JESSE: I think it comes across. I think if you really do believe in yourself, I mean, that will come across. If you’re at the interview table, then you probably have some sort of qualification to be there. Right? It’s not like if I went to an interview for like a job you’re qualified for, clearly, that interview is not going to go well because I don’t belong there. So, even if I have a lot of competence it wouldn’t work well. But if you do belong there and have the competence I think that comes across.

CHRISTINA: Yeah, I think the belonging is maybe, you know, to be debated because I am further out from my Ph.D. without having had a hand in the research end of the fields. I still taught, I’ve taught the material I’ve learned, I worked as a communicator of scientific information. So, I’m so much better at communicating I hope that comes across in the podcast. But I think that no matter where I go next, there’s going to be a little bit of a jumpstart, but that’s, again, kind of what I’m used to jumping into the deep end and swim.

JESSE: Yeah, yeah. And I wouldn’t worry too much about coming across wrong on the podcast. Anybody that listens frequently is probably like, “Christina, you’re a better speaker than Jesse’s. So, just stay, you’ll be the new host, and we’ll send him on his way.”

CHRISTINA: Unlikely.

JESSE: You got things to do. So, I’m asking everybody the same question this year, because I think it kind of crosses boundaries no matter what we do. So, I’m asking everybody, what do you think the purpose of sport is?

CHRISTINA: I’m gonna answer one facet of that, because obviously– [crosstalk]

JESSE: Right, it’s deep. But yeah, whatever sticks out to you.

CHRISTINA: I mean, I think this is especially relevant now because we’re not allowed to compete with each other, there’s not an immediate physical community around us as athletes. But sport is still a part of our lives, sport is still a part of our identity. And I think that a huge part of that is personal improvement, personal betterment; challenge, adaptation, survival growth. Like I think that that is, you know, there’s something about being human that draws us to seek out challenges, dangers. unknowns.

And I think that this is a great way to do that and to find your boundaries and push them and on your terms. Because what that needs to be is obviously different for different people. I’m a person drawn to extremes, but my sister has much smaller goals that are just equally as valuable and she uses sport to achieve those. And so I think it is, yeah, both a lens and a path for self-improvement. And I think we all should be striving to be better, better in sport, better human beings.

JESSE: I have a friend who is, we were both kind of together trying to become professionals. And she lives in town, one of the few people that actually lives in town, she’s particularly religious. So, sometimes we have conversations in the context of God. Not that I’m particularly religious [??? 18:20] phrase. And I don’t know if you went to church growing up, but often, there would be phrases and talking about like the gifts that you’re given as an individual. And whether you believe in God or not, I think that phrase can still be true, that you have certain gifts and talents. That you are given as an individual, be it through pure chance or divine intervention, I have no idea.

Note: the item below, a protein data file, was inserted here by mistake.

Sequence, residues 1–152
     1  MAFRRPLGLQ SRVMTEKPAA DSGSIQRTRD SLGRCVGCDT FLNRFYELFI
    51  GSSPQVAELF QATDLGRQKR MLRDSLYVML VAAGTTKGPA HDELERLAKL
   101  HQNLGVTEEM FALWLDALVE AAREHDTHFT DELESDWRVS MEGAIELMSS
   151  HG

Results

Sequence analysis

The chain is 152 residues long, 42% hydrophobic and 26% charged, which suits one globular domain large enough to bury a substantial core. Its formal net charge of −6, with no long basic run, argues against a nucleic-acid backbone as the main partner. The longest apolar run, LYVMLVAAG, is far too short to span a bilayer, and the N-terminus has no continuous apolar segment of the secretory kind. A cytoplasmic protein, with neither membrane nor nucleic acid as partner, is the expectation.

But we would talk about how the lack of pursuing those gifts that we’ve been given to develop them to their full potential is to waste the talent and things that we have been given, and we’re fortunate and should be grateful that we have. Because we have talents that other people don’t have that maybe they wish they had and vice versa. But just being mindful of the things that you do have, and progressing as an individual is so important because you let yourself down and your community down by not trying to become the best you can be. So, I can definitely identify with that kind of sentiment.

CHRISTINA: Yeah, I think the specifics of that are so personal. But I think as long as yeah, you’re trying to put I think the effort, having effort for something in life is really important. Having a passion for life is, or something in life that you care about is important. For me, I don’t particularly care about what it is that this person is interested in, but I love it, if they’re excited about it. It could be scotch tape, and if they’re really into it, I’m like, wait a minute, maybe there’s something to scotch tape that I’m missing.

You know, tell me a little bit more. But I think you hit on something there, which is, like you said, the gifts that we are given, and I think that one thing that we all have is some amount of time. And how we invest that time and who invest it with and what we invested on is what defines us as a human and our lives and I think that that’s like, I want to use my time well. I want to experience all of these extremes at whatever limit I can take that to. Be it, the mental aspects or the physical.

JESSE: Yeah. We’ll end here so we can end on, I’ll say a high note. It’s a little somber, but it is, it’s a very good note. Christina, is there any way for people to keep in touch with you, social media, anything like that if they want to kind of see how your career is going and what you’re up to?

CHRISTINA: Sure, absolutely. I am relatively active on social media. My Instagram is HupLikeWhoa. Which is H-U-P L-I-K-E W-H-O-A, which comes from cyclocross, because people yell, hup, hup, hup. Okay. Same for Twitter, and then I’m rarely on Facebook these days, but some stuff pops up there.

JESSE: Yeah. No worries. Thanks for spending time with me, Christina.

CHRISTINA: Yeah. Thanks so much for chatting.